It might be hard to think of the specialty coffee industry without the professionals that support it now: the roasters, the baristas, the small quality growers, as well as the packaging and the influential force of the Special Coffee Association, which has recently partnered with its European counterpart. But like the envisioned specialty tea market, the specialty coffee market passed through an evolutionary phase where there were few professionals and seemingly no market, and came out the other side as a powerful economic force. It is logical to assume something similar will happen with specialty tea. 

In addition to taking inspiration from what has worked in the coffee industry, we must also take consideration of the specific needs of our own industry. The ISTA affirms that supplying detailed information about a product’s source and processing is a prerequisite to an evaluation of quality. To establish a product’s value, we must first identify the product in question as authentic and unique. The specialty coffee industry recognized this principle, so direct trade and authentication of the source was present from the beginning. In the tea industry however, opacity of the source is the default business practice, and has been for centuries. The identity of a tea’s makers often remain hidden as a trade secret.  

We must also consider that tea making uses a team of people: growers, pluckers, and tea makers. Quality tea requires a significant amount of skill from each of the roles, in each phase of the process. Like any other art, these skills require honing over a lifetime. As a result, the costs are also much higher for making a quality tea. A meaningful definition of ‘specialty tea’ must speak to the work of each skilled artisan who contributes to a tea’s production.

With gardening comes the first element to examine. The character of the tea begins with the soil. An evaluation of the tea should include information about the composition of the soil, whether it drains well, and the application of nutritional maintenance. Also, plant spacing, pruning, and method for weed and pest control need consideration. The cultivar used and the age of the plants needs to be supplied.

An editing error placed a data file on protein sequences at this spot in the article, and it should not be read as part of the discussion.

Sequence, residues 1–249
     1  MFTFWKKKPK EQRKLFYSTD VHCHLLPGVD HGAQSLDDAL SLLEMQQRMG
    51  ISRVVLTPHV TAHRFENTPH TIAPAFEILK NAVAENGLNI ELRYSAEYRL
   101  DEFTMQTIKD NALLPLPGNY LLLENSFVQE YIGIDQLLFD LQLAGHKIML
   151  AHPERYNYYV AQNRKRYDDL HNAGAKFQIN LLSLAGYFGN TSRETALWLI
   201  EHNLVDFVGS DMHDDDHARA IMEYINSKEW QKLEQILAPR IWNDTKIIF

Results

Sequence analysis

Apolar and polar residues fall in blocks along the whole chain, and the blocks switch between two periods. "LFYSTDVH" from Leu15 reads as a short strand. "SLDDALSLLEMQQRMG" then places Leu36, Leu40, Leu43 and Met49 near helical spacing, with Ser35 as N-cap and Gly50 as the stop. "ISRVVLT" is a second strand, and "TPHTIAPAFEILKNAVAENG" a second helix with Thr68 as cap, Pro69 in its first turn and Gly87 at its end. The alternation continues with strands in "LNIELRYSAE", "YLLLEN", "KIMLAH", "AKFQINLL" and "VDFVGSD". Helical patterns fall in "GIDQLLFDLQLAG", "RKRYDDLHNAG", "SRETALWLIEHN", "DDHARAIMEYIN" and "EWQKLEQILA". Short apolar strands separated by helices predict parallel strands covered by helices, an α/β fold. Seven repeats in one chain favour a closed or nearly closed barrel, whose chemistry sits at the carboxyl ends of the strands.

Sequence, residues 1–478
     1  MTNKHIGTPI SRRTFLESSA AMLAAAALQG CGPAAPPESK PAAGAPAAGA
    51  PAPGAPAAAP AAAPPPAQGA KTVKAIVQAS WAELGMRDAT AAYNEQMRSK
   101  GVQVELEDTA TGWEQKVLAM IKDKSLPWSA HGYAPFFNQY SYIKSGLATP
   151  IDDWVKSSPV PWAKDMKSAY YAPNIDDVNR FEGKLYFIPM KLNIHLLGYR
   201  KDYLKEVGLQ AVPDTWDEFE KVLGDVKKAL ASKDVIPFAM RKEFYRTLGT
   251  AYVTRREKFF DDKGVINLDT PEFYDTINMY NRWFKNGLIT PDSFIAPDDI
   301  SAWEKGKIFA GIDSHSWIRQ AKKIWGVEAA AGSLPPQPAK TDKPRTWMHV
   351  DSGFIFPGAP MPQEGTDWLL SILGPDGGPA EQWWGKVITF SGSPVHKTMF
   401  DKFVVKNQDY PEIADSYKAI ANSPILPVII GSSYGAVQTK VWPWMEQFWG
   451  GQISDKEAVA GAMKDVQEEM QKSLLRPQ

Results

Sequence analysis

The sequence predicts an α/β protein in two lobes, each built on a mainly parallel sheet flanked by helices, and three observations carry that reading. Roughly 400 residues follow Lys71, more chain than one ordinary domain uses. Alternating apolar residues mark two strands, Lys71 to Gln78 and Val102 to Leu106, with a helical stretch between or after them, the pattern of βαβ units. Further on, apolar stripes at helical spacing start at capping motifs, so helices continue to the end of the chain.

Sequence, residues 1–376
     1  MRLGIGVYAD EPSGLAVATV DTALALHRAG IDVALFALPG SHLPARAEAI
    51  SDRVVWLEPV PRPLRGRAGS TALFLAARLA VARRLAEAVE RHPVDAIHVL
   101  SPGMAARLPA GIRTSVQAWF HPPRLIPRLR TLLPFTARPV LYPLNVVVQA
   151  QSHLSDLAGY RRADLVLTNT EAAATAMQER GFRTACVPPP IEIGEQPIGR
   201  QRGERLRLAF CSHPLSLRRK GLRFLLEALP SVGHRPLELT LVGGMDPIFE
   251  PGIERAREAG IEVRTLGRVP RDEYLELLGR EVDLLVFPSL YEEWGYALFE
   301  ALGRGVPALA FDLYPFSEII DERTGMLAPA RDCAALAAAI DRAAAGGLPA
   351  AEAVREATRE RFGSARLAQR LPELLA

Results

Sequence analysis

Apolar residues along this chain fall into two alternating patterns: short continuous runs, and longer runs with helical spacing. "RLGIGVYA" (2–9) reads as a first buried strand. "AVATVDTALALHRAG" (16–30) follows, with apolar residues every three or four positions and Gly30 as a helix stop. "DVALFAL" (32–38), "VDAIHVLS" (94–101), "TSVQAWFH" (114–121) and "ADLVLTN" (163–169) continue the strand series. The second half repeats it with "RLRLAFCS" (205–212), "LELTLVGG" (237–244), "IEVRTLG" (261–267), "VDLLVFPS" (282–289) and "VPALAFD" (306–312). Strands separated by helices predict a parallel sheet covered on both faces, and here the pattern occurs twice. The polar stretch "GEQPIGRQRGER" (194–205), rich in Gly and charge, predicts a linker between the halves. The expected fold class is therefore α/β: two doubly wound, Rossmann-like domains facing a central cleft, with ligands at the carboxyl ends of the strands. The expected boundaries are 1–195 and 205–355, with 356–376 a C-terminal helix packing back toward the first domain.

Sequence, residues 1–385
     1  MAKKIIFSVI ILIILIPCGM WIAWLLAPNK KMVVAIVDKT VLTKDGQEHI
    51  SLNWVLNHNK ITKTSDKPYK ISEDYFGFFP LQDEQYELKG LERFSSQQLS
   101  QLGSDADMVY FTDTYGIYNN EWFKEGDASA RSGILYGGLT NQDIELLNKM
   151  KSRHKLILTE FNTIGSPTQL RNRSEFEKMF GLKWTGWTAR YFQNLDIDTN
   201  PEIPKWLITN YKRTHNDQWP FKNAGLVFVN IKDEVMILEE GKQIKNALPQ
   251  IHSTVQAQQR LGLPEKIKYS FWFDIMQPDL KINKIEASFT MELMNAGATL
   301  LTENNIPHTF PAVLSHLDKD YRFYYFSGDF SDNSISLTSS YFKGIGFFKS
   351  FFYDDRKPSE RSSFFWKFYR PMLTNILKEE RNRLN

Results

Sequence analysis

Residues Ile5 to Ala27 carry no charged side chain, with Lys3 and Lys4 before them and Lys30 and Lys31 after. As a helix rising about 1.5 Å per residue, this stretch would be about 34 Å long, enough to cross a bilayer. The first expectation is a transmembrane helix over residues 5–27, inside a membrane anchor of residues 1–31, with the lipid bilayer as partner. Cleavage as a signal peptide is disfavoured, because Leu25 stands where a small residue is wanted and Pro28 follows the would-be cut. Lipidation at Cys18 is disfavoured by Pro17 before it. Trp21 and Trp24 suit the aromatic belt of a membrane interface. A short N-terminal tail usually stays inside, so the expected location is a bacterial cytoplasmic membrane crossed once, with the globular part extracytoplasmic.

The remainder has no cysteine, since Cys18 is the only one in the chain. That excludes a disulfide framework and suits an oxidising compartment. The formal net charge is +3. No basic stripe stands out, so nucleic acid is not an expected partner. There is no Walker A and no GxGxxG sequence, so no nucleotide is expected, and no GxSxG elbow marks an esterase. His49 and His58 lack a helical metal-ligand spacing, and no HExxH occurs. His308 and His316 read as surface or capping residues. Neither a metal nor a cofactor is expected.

A general description of the location completes the gardening portion of the definition. For example, “The garden is located on the side of the mountain, at (longitude, latitude), at 1000 meters above sea level, and the plucking time, April 4th, receives 4 hours of direct sunlight before noon.” Additional information both increases value and supports legal protection to the tea maker. There are teamakers that consider such detail. Its safe to assume that teamaking is an art for them.

The next aspect to be considered and evaluated relates to tea plucking. Plucking leaves for quality tea requires a skilled worker. This worker has a very challenging job. Speed is essential because leaves grow in sunlight. It may take tens of thousands of pluckings to make up a kilogram of tea. Plucked leaves need to be uniform in their maturity. Leaves should be unbroken and plucked with a snap, as a fingernail-cut stem will produce a black ending. In the early spring, conditions are cold and often overcast and rainy. Overcast weather functions to slow growth, but a poor light demands a sharp eye to pluck small leaves showing green over green. The plant growth can vary, so ensuring uniform maturity of leaves provides another complication to plucking. Breaking the leaf causes preventable bitterness. One of the original goals of tea making was removing bitterness from the tea.

Along with the challenges for pickers, there exists a plucking leaf configuration standard that requires adherence and evaluation. The plucking standard is the primary element that defines the tea’s character. The plucking standards configurations—one bud, one bud and one leaf, and two leaves and a bud—apply to all teas except wulongs, which require more mature leaves for their processing. In today’s market, common practice to reduce picking time and labor costs is to remove the bud from a plucked sprig with leaves attached. The result is an inferior tea when compared to the tea made from a single bud plucking. The resulting tea doesn’t have the body. It is an essential insight that slight variations anywhere along the tea making process can produce recognizable changes in the character of the tea.